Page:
Friday, May 10, 2019

8 (2019-2020): Review: FRUITING BODIES (seen May 9, 2019)

"Stalking the Wild Morel"an

A couple of nights ago, my plus-one happened to ask if I’d ever had a mushroom-based, hallucinogenic experience. I hadn’t but, coincidentally, Sam Chanse’s Fruiting Bodies, the play I saw the next night, produced by the Ma-Yi Theater Company, is about an avid mushroom hunter named Ben Nakagawa (Thom Sesma). Admittedly, Ben’s more concerned with other types of mushrooms, particularly the edible ones; he's equally sensitive to the death caps, which can kill you.  
Thom Sesma. Photo: Carol Rosegg.
Fruiting Bodies whose title means “the spore-producing organ of a fungus, often seen as a mushroom or toadstool,” mixes conventional and magic realism in a way that sometimes suggests a mushroom trip. Not a particularly mind-blowing one, though.
Emma Kikue, Kimiye Corwin. Photo: Carol Rosegg.
Ben, a sad, third-generation, middle-aged, Japanese-American, is mushroom hunting in the forest near the reclusive town of Bolinas, California, not far from San Francisco. Reid Thomson has provided an attractive forest setting, hauntingly lit by Jeannette Oi-Suk Yew; it’s both realistic and stylized, with trees that revolve on cue, a large, beanbag-like rock, and doors built into the side walls for exits and entrances. The cushy boulder, in keeping with the play’s mystical underpinnings, is said to be incredibly comfortable. It’s even called Rock Van Winkle because you could fall asleep on it and never be seen again.
Jeffrey Omura, Emma Kikue. Photo: Carol Rosegg.
The actual Bolinas, as the play accurately notes, has no road signs, which sets up the premise of Ben’s mixed-race, adult daughters, Vicky (Emma Kikue) and Mush (Kimiye Corwin), getting lost in their car (the usual car seats and a steering wheel) as they search for their father where even their phone GPS systems don’t work. They’ll need to refine their internal GPS’s as they search both for their quirky dad and for whatever it is that ties them all to one another.
Jeffrey Omura. Photo: Carol Rosegg.
Vicky’s a programmer who wants to get back to her job creating an app designed to facilitate human communication via social media. Mush, more intent on finding Ben, is rootless, having just been fired from her latest job, teaching writing at SF State. The reason? Vandalizing school property. Something of a conceptual artist, Mush (rhymes with “push”) gabbles pretentiously that what she’s done--writing over public images of celebrities and major institution--is not graffiti but an act of “wiping” that deflates the power their images have to remind the rest of us of our insignificance. Whatever.
Kimiye Corwin, Emma Kikue, Jeffrey Omura, Thom Sesma,. Photo: Carol Rosegg.
The sisters’ disagreement over this is just one of the things causing them to bicker and even physically fight over. Vicky, for example, seems nearly as conversant with the biological facts surrounding mushrooms as her father, while Mush (if you can buy it) wasn’t even aware the family house was filled with books about mushrooms, much less that her sister was so knowledgeable. It’s only one of the hard-to-swallow ingredients in this play about the difficulties in human connectedness.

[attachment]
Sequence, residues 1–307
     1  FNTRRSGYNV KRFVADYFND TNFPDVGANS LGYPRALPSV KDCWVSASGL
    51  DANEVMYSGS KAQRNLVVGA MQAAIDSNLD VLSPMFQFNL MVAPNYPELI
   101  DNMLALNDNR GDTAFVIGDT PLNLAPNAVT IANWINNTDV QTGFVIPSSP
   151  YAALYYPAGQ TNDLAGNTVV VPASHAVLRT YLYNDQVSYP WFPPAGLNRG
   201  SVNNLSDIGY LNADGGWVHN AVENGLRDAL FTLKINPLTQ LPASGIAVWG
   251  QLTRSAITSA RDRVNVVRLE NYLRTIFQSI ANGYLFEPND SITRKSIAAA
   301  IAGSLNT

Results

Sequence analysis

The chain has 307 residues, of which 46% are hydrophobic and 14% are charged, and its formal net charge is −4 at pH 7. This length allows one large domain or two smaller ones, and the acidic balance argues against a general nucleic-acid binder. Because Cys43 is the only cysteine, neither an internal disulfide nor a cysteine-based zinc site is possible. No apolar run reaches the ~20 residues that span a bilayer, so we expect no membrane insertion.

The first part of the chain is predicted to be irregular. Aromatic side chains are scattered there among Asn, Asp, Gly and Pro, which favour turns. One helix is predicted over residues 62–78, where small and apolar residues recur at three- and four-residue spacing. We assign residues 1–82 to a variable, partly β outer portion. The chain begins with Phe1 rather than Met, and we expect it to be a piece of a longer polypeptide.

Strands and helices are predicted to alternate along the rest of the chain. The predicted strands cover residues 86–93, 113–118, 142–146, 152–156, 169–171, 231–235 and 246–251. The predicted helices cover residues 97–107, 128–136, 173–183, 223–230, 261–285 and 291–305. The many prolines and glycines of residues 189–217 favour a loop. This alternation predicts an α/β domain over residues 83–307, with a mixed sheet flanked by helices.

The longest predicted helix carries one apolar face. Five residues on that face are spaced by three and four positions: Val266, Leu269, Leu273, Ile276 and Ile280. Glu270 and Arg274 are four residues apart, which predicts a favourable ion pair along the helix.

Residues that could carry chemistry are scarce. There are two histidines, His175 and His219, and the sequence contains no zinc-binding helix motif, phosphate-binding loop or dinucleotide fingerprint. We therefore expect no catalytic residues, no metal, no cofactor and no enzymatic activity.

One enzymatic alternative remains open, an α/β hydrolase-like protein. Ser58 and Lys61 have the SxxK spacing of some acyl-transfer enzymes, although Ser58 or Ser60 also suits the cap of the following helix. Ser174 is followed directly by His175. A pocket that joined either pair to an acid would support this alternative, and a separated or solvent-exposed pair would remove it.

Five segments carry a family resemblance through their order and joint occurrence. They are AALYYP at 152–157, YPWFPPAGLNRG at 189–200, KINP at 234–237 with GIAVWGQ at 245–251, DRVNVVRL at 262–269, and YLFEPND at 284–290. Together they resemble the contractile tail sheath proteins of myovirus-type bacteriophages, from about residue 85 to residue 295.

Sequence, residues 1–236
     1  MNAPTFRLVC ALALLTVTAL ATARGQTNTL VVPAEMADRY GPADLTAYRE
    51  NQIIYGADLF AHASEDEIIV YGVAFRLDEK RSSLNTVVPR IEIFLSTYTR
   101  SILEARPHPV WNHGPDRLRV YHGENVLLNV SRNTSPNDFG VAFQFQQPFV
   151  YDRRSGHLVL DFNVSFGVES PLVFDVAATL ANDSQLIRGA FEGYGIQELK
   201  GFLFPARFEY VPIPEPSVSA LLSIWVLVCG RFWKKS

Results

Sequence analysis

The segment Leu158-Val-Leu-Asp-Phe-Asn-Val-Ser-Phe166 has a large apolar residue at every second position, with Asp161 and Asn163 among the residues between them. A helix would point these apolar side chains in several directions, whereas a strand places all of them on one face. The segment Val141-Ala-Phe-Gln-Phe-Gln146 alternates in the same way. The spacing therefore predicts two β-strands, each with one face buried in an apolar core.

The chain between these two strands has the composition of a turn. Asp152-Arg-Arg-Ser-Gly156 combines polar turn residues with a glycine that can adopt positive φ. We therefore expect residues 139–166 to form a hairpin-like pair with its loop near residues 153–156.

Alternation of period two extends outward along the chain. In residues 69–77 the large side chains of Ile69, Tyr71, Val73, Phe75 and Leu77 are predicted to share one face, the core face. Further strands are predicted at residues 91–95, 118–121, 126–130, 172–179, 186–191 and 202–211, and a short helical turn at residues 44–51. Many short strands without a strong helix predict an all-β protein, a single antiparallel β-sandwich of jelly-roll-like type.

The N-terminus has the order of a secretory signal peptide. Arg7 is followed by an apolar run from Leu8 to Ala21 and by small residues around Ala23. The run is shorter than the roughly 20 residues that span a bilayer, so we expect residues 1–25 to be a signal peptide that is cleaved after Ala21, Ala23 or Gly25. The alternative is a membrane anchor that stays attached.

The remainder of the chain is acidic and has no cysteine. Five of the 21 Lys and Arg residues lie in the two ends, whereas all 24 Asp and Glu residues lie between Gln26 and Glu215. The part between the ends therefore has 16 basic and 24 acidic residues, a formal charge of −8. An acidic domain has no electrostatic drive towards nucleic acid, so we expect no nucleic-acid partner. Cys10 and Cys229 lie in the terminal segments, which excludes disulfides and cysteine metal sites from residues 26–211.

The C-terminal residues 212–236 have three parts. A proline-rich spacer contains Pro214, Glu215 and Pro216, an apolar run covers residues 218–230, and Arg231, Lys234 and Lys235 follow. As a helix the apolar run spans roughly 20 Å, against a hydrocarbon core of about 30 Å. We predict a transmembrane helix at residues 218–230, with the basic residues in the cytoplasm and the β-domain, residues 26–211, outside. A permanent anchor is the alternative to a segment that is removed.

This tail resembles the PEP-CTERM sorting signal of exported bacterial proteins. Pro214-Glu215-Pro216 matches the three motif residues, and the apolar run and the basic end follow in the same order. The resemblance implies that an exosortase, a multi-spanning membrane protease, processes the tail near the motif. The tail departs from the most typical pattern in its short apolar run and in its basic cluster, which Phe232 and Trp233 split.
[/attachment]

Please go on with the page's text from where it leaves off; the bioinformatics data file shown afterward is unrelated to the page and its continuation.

Jeffrey Omura, Thom Sesma, Emma Kikue, Kimiye Corwin. Photo: Carol Rosegg.
Wandering in the forest, Ben ruminates to the trees in monologues clotted with scientific details about mushrooms, remembers the different times he spent in the forest with his son, Eddie, from whom he's now estranged, and  regrets his separation from his Finnish wife, involved with another man. The split with Eddie—now married, with a new child, to another man—happened when Eddie came out of the closet. (A homophobic dad being shocked by his son’s sexuality is also a subject in Caroline’s Kitchen at 59E59.)
Emma Kikue, Jeffrey Omura, Kimiye Corwin, Thom Sesma. Photo: Carol Rosegg.
He also encounters a mischievous, unusually articulate, Puck-like, 10-year old boy, whose reality (“I’m already part of the forest,” he says) sometimes seems questionable, and a giant morel mushroom, portrayed as a cunningly cool dude in a red hoodie. It’s never clear if Ben is expressing incipient dementia or random free association. (The boy, for all his sprite-like qualities, engages with Vicky and Mush, so the nature of his existence remains moot.) Both the boy and the human mushroom are played by adult actor Jeffrey Omura, who also triples as Eddie. It’s a confusing conceit, carried out mainly by the Omura’s attitudinal shifts accompanied by lighting changes. For all Omura’s effort, it isn’t worth the trouble.
Jeffrey Omura, Kimiye Corwin. Photo: Carol Rosegg.
Woven through the play are references to suicide and stories of death, including that of a cat and a man found cut to pieces in the forest; Japanese-American cultural issues (that barely go anywhere); Instagram as a means of human connection, even in a zone where Internet signals are problematic; and the mutual responsibilities toward one another of parents and children as well as siblings. And while the tonal shifts make us question what’s real and what’s not, the dramatic action and characters are rarely inviting enough to inspire making the effort.
Jeffrey Omura, Emma Kikue. Photo: Carol Rosegg.
All the performances are satisfactory but none rises above the script’s most essential requirements, Nor does Shelley Butler’s bland, dully paced direction go the extra mile in making this production more than just another blip in the new season. Hopefully, Ma-Yi’s next outing will prove more fruitful than Fruiting Bodies.

Clurman Theatre/Theatre Row
410 W. 42nd St., NYC
Through May 19